In The News
HOMELAND SECURITY TODAY: House Passes Anti-Border Corruption Reauthorization Act of 2017
The Anti-Border Corruption Reauthorization Act of 2017 (HR 2213), introduced by Border and Maritime Security Subcommittee Chairwoman Martha McSally (R-AZ), which would give the Customs and Border Protection (CBP) Commissioner limited discretion to waive required pre-employment polygraphs for candidates already thoroughly vetted was passed passed by the House.
Specifically, the waivers would apply to candidates who have served as law enforcement officers or former members of the armed services and have held a recent security clearance.
McSally said in a statement that CBP “continues to struggle to recruit and vet employees. The lengthy process involved with a pre-employment polygraph requirement slows the hiring process considerably. As a result, manpower at our border is critically understaffed.”
House Committee on Homeland Security Chairman Mike McCaul (R-TX), said, “Our national security depends on ensuring there are the right number of well-trained agents and officers on our front lines. This commonsense, bipartisan solution expedites the hiring process for those who have previously taken an oath and put their lives on the line for our country, allowing CBP to more effectively carry out their mission of safeguarding America's borders and ports of entry.”
McSally said, “All of the technology and infrastructure deployed along the southern border is useless if we don’t have a well-trained agent or officer present to intercept a drug load, screen cargo or speed legitimate transit through a port of entry. CBP has invested $200 million in port of entry infrastructure in Arizona alone over the last eight years, but there isn’t enough staff to open every available lane. By giving CBP discretionary ability to hire qualified, vetted individuals who already have earned public trust, this bill will increase the security of our nation and facilitate cross-border commerce and tourism – so vital to the Arizona and national economy. I am pleased to see [this legislation passed by] the House.”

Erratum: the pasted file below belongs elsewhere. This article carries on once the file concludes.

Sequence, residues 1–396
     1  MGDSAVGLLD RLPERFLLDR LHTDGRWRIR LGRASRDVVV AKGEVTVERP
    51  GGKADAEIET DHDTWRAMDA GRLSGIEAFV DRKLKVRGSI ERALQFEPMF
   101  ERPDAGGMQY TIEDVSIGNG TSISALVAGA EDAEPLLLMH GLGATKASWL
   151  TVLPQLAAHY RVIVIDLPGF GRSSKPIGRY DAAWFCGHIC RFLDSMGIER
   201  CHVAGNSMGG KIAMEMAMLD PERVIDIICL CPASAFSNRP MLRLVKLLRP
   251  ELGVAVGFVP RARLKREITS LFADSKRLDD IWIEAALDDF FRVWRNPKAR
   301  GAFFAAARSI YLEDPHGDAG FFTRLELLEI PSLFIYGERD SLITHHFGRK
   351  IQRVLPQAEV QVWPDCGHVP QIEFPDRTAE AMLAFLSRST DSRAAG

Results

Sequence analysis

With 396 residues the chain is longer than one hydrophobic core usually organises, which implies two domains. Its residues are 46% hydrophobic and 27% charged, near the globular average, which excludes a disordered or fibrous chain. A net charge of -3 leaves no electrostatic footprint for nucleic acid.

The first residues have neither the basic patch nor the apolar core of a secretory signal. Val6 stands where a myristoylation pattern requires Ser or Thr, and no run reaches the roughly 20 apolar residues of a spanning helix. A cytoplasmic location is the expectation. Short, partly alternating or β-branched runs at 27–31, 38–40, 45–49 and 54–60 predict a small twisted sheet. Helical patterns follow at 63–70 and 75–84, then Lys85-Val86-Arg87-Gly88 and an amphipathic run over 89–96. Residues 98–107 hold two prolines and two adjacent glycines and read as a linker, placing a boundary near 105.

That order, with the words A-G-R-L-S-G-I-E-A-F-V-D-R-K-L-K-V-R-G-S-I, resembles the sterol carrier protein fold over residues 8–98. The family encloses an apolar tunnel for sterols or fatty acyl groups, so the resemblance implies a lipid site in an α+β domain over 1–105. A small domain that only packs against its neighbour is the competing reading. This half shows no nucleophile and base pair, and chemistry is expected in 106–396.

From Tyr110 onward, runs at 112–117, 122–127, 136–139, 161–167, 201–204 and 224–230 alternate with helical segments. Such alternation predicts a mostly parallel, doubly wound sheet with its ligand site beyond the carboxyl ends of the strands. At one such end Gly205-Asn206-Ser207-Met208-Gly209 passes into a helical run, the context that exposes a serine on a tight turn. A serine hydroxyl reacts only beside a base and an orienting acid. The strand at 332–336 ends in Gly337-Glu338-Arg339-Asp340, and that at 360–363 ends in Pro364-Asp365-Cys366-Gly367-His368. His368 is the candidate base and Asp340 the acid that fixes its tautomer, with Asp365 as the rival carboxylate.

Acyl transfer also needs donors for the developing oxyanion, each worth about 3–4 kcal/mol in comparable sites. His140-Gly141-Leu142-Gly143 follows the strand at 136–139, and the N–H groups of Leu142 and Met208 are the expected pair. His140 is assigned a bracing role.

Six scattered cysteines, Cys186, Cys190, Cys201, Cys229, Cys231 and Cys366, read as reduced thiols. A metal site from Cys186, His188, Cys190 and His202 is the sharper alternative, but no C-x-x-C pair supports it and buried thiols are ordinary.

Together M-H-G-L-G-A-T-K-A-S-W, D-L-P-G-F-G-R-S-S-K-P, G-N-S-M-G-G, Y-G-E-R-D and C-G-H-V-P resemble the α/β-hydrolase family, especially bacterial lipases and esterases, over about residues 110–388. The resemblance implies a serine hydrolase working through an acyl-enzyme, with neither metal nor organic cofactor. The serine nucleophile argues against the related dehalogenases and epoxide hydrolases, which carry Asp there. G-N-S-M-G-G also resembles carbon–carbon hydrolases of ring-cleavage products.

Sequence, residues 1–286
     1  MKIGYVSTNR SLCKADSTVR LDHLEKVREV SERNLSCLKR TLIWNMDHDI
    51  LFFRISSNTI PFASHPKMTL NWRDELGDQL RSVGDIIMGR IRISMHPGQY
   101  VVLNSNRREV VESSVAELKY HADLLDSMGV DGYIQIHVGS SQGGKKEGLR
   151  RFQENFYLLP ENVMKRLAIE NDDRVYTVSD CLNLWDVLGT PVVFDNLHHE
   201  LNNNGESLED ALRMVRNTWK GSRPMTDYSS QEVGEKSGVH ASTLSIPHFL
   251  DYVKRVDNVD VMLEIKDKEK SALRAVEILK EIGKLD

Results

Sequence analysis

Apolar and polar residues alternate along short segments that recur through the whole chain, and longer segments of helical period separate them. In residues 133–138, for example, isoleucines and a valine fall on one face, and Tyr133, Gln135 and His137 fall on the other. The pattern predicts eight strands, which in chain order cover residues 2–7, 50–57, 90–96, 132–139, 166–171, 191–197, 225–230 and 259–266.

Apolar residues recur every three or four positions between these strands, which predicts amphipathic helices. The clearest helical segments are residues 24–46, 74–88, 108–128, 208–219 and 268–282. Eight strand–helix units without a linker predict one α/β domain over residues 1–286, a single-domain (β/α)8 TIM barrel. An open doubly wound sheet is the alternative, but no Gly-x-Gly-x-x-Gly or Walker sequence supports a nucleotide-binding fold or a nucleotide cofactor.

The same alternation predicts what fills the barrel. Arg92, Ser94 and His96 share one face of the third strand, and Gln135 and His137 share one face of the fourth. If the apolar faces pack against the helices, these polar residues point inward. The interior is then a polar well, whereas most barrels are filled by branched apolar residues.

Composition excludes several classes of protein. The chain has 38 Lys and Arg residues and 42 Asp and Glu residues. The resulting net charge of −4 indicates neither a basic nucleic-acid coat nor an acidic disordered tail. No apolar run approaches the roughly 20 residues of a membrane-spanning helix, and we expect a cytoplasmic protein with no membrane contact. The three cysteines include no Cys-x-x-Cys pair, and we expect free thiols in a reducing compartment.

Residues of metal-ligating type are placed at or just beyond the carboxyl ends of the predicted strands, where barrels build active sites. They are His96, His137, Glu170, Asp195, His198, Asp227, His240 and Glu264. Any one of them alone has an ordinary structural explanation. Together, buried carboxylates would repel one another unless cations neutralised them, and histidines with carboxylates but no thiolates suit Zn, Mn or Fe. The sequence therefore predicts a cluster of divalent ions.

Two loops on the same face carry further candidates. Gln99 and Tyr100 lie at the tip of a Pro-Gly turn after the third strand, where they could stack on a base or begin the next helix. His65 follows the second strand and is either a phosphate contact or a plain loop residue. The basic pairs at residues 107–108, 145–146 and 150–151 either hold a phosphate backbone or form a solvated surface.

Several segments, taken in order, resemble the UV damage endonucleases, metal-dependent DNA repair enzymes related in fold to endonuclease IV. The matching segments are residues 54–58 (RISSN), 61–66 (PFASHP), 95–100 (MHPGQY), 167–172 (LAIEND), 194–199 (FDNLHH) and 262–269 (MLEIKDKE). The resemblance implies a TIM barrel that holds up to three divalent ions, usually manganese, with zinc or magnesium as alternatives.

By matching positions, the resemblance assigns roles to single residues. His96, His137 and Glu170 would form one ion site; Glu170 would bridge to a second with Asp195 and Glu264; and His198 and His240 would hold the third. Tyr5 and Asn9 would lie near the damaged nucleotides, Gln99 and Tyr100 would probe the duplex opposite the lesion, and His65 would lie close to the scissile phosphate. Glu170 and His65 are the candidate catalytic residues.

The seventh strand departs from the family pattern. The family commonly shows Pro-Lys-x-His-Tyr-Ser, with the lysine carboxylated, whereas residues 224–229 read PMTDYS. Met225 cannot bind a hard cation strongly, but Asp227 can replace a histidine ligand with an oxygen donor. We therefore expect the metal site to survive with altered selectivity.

Henry Cuellar (D-TX) said on the House floor he supports the bipartisan bill he co-sponsored will help solve the severe staffing shortage faced by CBP.
“Customs and Border Protection is facing a staffing deficit of more than 3,000 positions,” Cuellar said. “That puts our homeland security at risk -- one reason for this dangerous shortage: applicants for every single law enforcement position must take a polygraph examination. Even current and former law enforcement and military members with Secret and Top Secret security clearances, must go through this laborious and failure-prone process."
He stated, "The Anti-Border Corruption Reauthorization Act of 2017 would streamline the hiring process for certain current ‘cleared’ federal employees, law enforcement, or military members to join CBP after their background check, without having to go through a redundant polygraph. This is a common-sense measure to solve an obvious problem, make a government procedure more efficient, and secure our homeland.”